Akshar is eager to put his meeting planning experience to good use as he helps plan ObesityWeek 2015. As a reminder, ObesityWeek 2015 will be held in Los Angeles, CA from November 2 – 7. Additional details are available at ObesityWeek.com.

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Read the inaugural editorial in Obesity Science & Practice
Contributed by David B. Sarwer
Have you seen the new open access journal from The Obesity Society and World Obesity? Obesity Science & Practice publishes high quality research related to all aspects of obesity and its comorbidities. All articles are fully open access and immediately available to read, download and share for free. The inaugural editorial is now available here.

The journal publishes papers of interest to researchers in academic, clinical, government and industry roles working to develop, test and refine new medical, behavioral, dietary, pharmacologic and surgical approaches to treat obesity. The journal also publishes papers of interest to professionals engaged in the clinical management of obesity and its related comorbidities as well as individuals actively involved in the prevention of obesity at the local, regional, national and international level.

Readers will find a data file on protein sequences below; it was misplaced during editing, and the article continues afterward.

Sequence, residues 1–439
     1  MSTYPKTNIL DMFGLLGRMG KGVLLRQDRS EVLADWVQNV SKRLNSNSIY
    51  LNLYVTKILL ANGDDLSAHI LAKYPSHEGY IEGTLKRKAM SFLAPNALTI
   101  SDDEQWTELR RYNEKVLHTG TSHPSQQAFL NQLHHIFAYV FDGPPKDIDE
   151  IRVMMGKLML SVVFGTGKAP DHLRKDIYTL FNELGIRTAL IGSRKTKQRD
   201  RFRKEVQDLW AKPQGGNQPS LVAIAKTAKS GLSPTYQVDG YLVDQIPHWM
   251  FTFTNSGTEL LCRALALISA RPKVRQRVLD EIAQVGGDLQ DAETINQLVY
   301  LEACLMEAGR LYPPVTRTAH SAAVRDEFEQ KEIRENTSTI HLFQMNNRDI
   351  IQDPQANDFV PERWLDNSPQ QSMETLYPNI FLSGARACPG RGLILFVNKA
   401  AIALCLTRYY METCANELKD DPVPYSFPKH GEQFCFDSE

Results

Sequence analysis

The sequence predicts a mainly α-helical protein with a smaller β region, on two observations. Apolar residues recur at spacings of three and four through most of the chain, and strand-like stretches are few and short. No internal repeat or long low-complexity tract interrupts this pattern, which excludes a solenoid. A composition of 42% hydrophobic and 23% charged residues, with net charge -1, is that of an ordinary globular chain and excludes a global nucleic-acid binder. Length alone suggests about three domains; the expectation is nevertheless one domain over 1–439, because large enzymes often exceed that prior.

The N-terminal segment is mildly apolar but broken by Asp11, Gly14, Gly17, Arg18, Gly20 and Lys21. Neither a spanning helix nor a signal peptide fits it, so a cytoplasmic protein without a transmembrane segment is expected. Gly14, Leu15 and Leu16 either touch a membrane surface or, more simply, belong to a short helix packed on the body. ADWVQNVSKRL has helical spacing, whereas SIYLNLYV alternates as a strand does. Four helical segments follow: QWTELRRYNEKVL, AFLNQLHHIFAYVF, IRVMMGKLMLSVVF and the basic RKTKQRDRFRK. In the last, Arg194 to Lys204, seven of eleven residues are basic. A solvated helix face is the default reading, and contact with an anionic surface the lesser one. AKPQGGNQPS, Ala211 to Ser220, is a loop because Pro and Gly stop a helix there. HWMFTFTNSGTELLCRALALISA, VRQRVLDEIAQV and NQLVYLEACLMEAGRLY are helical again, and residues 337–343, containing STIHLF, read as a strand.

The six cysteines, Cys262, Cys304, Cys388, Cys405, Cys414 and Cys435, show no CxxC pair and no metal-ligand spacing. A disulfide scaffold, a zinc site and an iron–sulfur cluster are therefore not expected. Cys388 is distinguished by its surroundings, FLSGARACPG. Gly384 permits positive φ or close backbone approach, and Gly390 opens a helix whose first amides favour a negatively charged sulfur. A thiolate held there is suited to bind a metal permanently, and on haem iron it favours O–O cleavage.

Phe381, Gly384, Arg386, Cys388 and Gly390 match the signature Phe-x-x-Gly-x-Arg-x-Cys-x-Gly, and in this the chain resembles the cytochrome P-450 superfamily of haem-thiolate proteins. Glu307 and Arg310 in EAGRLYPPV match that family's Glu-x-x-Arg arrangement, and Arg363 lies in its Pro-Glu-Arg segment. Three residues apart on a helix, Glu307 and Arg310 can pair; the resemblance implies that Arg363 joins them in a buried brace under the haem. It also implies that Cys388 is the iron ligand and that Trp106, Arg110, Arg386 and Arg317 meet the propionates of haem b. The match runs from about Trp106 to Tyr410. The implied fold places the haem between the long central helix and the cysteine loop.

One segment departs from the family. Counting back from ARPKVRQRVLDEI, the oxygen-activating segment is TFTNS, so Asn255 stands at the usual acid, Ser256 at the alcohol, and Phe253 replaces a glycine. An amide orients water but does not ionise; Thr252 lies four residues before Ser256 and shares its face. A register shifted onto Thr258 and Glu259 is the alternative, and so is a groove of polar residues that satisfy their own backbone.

Find out more about this new journal here.

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Save the date: TOS's free Media & Communications Training Webinar to be held April 8
TOS
TOS members, mark your calendars for Wednesday, April 8, 2015 at 1:30 pm ET for a free Media & Communications Training Webinar with experts Sylvia Rowe and Nick Alexander. Both Sylvia and Nick specialize in communications and issues management on a broad range of health, nutrition, food safety and risk issues, including media relations for scientific societies. Don't miss this free opportunity to learn how to:
  • Effectively use social media
  • Communicate with reporters about obesity
  • Improve your public speaking skills
  • Hold more efficient one-on-one meetings